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What’s the oil change interval on a sequential SADEV gearbox? How do you figure out what tire pressures to run during a qualifying lap? And what exactly are the settings for camber and caster to optimize your vehicle’s contact patch during a hot lap?

All of that and more will be in our latest series, Motorsport Mondays.

By now, you know about FCP Euro’s motorsports documentary series, The Paddock. It provided a behind-the-scenes look at the inner workings of our motorsports program, from securing sponsorships, traveling to races, and even some of the hardships we faced throughout each weekend at the track. But this year, we’re going to do things a little differently.

This year, our program is coming in-house. What’s that mean? Rather than using a logistics partner for the transport, prep, and race support, we’re going to do it all ourselves. That includes working on the cars in the off-season, transporting them to the race, working on them at the track during a race, optimizing them for winning the event itself and, more importantly, running it all out of the same facility that you pick up your parts. It’s a massive undertaking.

If I had to summarize Motorsport Mondays in one sentence, it’d be: translating how working on two professional championship-winning race cars can help you work on your European car. Our Volkswagen GTI TCRs are just cars, after all, and there’s plenty of things we have under our belts that could help you in your endeavors, whether it’s in your driveway doing routine maintenance or at a track going after your own fastest lap.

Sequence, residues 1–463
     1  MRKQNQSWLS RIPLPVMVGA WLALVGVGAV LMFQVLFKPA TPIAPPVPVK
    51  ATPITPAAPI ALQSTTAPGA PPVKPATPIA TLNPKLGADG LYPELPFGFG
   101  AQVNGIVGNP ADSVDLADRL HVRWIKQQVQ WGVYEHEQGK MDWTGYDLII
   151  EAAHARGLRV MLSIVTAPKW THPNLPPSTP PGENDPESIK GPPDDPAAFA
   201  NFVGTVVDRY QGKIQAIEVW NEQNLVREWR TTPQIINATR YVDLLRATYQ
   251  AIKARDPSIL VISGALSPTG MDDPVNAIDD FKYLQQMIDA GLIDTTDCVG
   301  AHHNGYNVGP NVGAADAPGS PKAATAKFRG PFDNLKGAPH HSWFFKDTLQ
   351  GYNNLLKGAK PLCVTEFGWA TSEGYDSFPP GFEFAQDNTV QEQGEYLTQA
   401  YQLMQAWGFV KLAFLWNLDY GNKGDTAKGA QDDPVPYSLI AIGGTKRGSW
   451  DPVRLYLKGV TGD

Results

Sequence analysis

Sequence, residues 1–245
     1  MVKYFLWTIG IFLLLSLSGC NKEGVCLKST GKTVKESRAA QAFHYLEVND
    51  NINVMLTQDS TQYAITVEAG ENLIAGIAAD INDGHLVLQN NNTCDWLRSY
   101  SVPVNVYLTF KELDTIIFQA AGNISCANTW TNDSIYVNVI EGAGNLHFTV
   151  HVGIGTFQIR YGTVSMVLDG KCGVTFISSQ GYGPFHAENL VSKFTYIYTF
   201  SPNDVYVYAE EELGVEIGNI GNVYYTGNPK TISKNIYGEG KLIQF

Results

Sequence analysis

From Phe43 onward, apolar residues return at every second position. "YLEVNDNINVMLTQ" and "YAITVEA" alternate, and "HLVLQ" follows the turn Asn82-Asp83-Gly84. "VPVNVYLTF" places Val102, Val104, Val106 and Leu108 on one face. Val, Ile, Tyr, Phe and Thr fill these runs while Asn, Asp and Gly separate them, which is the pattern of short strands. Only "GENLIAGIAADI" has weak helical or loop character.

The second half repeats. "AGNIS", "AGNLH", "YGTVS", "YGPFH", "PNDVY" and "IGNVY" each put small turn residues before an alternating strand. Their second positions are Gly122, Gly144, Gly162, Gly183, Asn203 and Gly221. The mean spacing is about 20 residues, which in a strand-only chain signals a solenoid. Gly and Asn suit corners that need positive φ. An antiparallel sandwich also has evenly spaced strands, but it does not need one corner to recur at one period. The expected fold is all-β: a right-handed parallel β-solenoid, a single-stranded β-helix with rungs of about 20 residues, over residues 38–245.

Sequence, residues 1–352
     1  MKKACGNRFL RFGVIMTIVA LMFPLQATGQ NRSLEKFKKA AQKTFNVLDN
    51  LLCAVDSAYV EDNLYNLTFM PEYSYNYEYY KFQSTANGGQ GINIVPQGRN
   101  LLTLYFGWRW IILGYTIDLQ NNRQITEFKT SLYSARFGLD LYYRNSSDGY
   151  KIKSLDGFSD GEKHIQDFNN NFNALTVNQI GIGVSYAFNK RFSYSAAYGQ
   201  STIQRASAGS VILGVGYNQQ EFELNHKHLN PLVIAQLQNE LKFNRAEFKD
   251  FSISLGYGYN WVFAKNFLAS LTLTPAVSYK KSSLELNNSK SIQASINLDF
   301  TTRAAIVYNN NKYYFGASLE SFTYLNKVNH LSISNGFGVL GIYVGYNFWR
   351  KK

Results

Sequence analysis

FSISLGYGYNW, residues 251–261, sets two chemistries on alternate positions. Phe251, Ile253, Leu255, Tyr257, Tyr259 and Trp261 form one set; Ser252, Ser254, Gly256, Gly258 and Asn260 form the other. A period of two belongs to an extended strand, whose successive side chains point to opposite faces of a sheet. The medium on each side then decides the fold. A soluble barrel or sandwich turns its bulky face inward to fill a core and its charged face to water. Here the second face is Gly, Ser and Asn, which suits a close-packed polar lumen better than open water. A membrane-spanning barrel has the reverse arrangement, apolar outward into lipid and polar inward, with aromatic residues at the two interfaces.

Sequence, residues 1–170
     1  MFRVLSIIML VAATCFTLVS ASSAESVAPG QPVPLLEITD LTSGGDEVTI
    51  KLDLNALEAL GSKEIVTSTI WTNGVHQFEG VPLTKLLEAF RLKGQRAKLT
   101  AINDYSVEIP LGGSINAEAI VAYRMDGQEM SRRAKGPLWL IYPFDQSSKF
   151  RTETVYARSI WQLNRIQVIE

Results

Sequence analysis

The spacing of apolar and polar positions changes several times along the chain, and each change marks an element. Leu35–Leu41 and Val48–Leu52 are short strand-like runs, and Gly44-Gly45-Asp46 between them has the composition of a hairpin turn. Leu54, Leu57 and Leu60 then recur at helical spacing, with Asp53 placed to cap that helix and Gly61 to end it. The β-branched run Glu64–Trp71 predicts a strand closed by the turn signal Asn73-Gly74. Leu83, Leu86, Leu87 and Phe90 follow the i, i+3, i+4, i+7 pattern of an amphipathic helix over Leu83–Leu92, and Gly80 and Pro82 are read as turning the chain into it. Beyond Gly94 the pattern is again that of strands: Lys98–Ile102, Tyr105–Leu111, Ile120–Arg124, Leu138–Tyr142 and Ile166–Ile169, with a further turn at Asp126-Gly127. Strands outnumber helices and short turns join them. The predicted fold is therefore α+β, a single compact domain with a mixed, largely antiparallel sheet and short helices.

Volkswagen GTI TCR Dyno

Last week on episode one of our new Motorsport Mondays series, we began the teardown and inspection of the #71 & #72. This was to go through and give them a thorough inspection before they headed to the dyno. In this week's episode, we get the cars loaded up and off to the dyno at United Motorsport shop right here in Milford, CT. 

Back-to-back dyno tests proved what we felt in the latter half of the 2019 TC America seasonthat the #72 TCR was noticeably down on power compared to #71. For the tests, components that could be swapped from one car to the other to limit the factors at play were. This includes both the fuel pump and even the ECU.  

Volkswagen GTI TCR Michael Hurczyn Dyno

One thing you didn't get to see in the video that I personally found interesting was what happened with the tires on the dyno. We brought both cars on takeoff rain tires, and from the stresses of the dyno, the tread blocks began to bubble and tear themselves apart. This is a perfect example of why these tires aren't run in race conditions other than substantial rain or when there's standing water on track. Without the water, there isn't sufficient cooling to keep the rubber compound from overheating. 

Volkswagen GTI TCR Dyno

After we had our power figures in hand, we set off back to the shop to figure the cause of the noticeable lack of power. Based solely on the dyno graphs, Gareth's first suspect was the turbocharger. To confirm this though, the engines will have to come out of the carswhich is what we'll be doing in next week's episode of Motorsport Mondays. 

So, you're probably wondering how much power the GTI TCRs actually make after running a full two seasons on untouched engines? 

  • #71 - 307 horsepower / 322 lb-ft torque
  • #72 - 298 horsepower / 298 lb-ft torque

Volkswagen GTI TCR Turbocharger

Like the series? Want to see something specific related to our race cars? Have questions about working on your race car? Please leave it in the comments below.

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Written by :
Evan Madore

Writer/Editor at FCP Euro and owner of a daily R53 MINI Cooper, a track-built R53 MINI, and a 1997 Dakar Yellow E36 M3 Sedan. ••• Instagram: @evan.madore

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